A white winter landscape might look magical, but the cold and snow and ice can make even the simplest of tasks potentially dangerous.
“It’s slip and fall season,” said Dr. Letitia Bradford, an orthopedic surgeon who practices in rural communities in New Mexico and California. “We see a lot of ankle and wrist fractures during this time as people are slipping on water when it’s raining and ice spots or snow in colder areas.”
Orthopedic surgeons with the American College of Surgeons (ACS) have some important tips for getting through the winter safe and injury-free:
People who are cautious and mindful of conditions around them are less likely to slip and fall, Bradford said.
“The thing that I tell people the most is to really take their time when doing something. Most of the time, injuries like slips and falls happen when you’re in a hurry,” Bradford said.
People should move slowly and deliberately and keep an eye out for hazards like puddles, black ice and snow-hidden curbs when walking about, especially when carrying things like grocery bags that obstruct your view of the ground.
“You can’t always watch out for ice spots because they do sneak up on you sometimes, but try to be wary of them when walking,” Bradford said. “Taking your time really is the key to a lot of injury prevention.”
Pick the right footwear
Shoes or boots with proper grip and good traction are essential for winter walking, even when completing short tasks outside.
People who must go out in treacherous conditions might consider adding traction devices like ice cleats or ice grips to their footwear, Bradford said.
“And if you are older and need to use a cane or walker, I cannot stress to you enough the importance of using that cane or walker in these times because it gives you an extra point of fixation and support on the ground,” Bradford said.
Keep your core strong
Winter often demands people use muscles that are otherwise neglected, whether they are shoveling snow, pushing a stuck car or clearing tree limbs broken by ice or snow.
“A lot of people can aggravate their backs and muscles from overusing muscles that they don’t normally use,” Dr. Todd Albert, surgeon-in-chief emeritus at the Hospital for Special Surgery in New York City, said in an ACS news release. “We see strain injuries from that kind of overuse.”
To ward these injuries off, consider exercising the core year-round by engaging in a mix of aerobics and strength training classes at lease three times a week.
A strong core trained by yoga or Pilates in particular can act as a brace to protect against serious injury.
“I think doing all of those things together will both increase your bone density and balance to protect against injuries that occur more often in the winter,” Albert said.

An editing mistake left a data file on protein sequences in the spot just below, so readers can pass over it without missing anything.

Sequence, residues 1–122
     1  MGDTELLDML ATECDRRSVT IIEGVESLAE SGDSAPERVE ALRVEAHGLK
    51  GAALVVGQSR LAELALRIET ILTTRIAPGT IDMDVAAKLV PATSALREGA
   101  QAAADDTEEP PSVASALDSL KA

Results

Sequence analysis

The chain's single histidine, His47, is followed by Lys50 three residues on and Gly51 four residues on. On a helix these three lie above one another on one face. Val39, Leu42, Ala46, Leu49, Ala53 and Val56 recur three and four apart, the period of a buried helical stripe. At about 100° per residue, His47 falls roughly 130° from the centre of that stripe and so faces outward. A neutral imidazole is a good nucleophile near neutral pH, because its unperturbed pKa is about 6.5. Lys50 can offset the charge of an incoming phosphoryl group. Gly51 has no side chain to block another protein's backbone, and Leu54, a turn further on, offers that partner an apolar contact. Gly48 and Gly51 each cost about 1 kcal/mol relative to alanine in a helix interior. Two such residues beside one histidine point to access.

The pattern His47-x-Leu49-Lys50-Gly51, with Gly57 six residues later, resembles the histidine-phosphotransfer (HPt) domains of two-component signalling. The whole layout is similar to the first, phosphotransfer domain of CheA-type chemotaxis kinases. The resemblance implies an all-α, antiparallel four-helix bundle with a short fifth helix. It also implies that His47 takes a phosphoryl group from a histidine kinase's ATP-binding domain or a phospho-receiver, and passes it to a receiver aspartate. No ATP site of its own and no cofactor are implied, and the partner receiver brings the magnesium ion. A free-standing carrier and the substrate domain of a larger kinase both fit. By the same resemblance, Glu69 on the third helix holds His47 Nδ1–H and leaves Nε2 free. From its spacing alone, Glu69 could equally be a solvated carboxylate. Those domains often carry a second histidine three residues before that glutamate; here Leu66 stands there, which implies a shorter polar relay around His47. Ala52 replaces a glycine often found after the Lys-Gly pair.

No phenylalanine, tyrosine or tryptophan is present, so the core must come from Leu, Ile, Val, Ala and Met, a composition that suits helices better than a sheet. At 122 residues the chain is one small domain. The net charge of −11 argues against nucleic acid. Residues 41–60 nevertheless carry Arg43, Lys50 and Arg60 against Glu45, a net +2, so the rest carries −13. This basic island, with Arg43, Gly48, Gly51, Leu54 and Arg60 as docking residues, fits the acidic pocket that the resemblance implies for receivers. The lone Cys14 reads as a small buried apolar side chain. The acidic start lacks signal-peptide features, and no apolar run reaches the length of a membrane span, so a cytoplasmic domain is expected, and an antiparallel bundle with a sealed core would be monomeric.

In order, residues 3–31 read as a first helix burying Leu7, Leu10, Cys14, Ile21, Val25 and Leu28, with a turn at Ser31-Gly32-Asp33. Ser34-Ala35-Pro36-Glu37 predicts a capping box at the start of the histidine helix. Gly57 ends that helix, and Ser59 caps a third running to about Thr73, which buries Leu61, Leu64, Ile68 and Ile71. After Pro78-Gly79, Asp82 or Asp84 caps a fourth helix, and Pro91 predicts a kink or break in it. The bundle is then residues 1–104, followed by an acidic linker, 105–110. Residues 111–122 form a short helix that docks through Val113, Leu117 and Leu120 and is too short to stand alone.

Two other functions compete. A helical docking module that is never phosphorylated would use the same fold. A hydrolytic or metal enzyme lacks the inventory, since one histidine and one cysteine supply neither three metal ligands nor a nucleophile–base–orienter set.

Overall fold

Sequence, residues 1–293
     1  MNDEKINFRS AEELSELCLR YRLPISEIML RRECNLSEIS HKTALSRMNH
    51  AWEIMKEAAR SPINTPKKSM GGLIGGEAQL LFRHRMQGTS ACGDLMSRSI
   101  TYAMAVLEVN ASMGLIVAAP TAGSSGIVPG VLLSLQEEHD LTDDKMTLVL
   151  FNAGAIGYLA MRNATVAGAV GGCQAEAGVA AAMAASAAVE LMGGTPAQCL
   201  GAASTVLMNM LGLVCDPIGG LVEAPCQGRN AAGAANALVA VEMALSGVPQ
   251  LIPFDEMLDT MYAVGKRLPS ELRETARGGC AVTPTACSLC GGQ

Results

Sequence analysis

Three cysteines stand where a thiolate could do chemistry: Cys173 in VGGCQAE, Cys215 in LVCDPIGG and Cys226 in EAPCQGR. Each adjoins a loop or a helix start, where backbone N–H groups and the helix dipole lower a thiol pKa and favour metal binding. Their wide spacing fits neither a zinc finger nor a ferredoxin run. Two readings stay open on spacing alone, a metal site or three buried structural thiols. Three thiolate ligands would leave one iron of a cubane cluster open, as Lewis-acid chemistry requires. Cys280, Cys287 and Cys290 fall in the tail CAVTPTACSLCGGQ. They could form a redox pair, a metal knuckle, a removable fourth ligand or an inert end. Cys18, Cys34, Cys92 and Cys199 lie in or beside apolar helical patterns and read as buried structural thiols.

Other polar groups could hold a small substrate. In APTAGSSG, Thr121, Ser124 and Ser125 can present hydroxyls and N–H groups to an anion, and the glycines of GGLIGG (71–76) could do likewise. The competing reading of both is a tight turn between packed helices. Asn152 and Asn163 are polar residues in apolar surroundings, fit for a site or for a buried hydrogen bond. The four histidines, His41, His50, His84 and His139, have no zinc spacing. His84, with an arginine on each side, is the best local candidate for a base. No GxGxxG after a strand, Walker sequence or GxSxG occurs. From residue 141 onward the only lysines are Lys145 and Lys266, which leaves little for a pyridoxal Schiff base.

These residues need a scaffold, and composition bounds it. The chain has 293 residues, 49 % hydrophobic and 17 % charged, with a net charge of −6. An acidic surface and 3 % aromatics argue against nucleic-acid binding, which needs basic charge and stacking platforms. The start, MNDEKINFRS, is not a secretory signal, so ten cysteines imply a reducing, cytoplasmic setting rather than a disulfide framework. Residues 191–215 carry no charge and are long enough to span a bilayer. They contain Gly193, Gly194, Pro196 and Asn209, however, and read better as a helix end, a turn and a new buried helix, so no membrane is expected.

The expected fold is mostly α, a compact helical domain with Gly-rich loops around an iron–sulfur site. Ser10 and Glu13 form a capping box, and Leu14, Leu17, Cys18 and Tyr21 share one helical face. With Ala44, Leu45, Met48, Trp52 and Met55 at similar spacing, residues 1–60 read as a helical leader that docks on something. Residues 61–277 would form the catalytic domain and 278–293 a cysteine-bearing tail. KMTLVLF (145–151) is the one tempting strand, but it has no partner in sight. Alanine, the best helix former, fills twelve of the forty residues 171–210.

Know your limits
Many folks take pride in their prowess at winter sports like skiing or snowboarding, but these high-impact activities can be dangerous if a person overestimates their skills.
Albert has become a “ballroom skier” these days, trading in black diamond runs for less risky ski trails.
“If you’re a skier and you’re 40 years old, don’t think you can ski like you did when you were 20 years old,” Albert said.
This extends to chores around the home as well — even taking out the trash can lead to an injury if a person falls.
“Any kind of rotational injury can cause skeletal injuries,” said Dr. Brad Yoo, an associate professor of orthopedics and rehabilitation at Yale School of Medicine. “There are a myriad of injuries that can occur due to slips and falls, so try to be very cognizant and conscious of what kind of surface and terrain you’re on.”
Yoo also urges people to reach out to their doctor promptly if they can’t tell how badly they’ve been injured in a fall, particularly if over-the-counter pain relievers aren’t easing the swelling and pain.
“If the suspicion is there, you should seek care. You don’t want to delay your care for four or five days thinking it’s nothing,” Yoo said. “Orthopaedic injuries are easier to manage if the problem is dealt with urgently.”
Watch out for your neighbors
Small acts of kindness can make a big impact on those around you, especially if extended snowstorms lead to heavy loads of snow compacting and turning into ice.
“If there are people near you who can’t get out of their house because they’re older or have other issues, be a good neighbor and clear their snow if you can,” said Dr. Bryant Oliphant, an orthopaedic surgeon at Detroit Receiving Hospital.
“People aren’t necessarily aware of ice or other slick spots when they’re going for a walk, so if you’re aware and can maintain your sidewalks and roads, I think that goes a long way to helping other people out,” Oliphant added.
Seniors in particular could use the help to avoid a “game-changing” injury, Oliphant said.
“You’re doing fine, and all of a sudden, you break your hip, wrist or ankle,” Oliphant said. “That can ruin your winter and change things, especially if you’re elderly. It can be very hard to recover from these types of injuries.”
Ohio State University has more about winter safety.
SOURCE: American College of Surgeons, news release, Jan. 24, 2024
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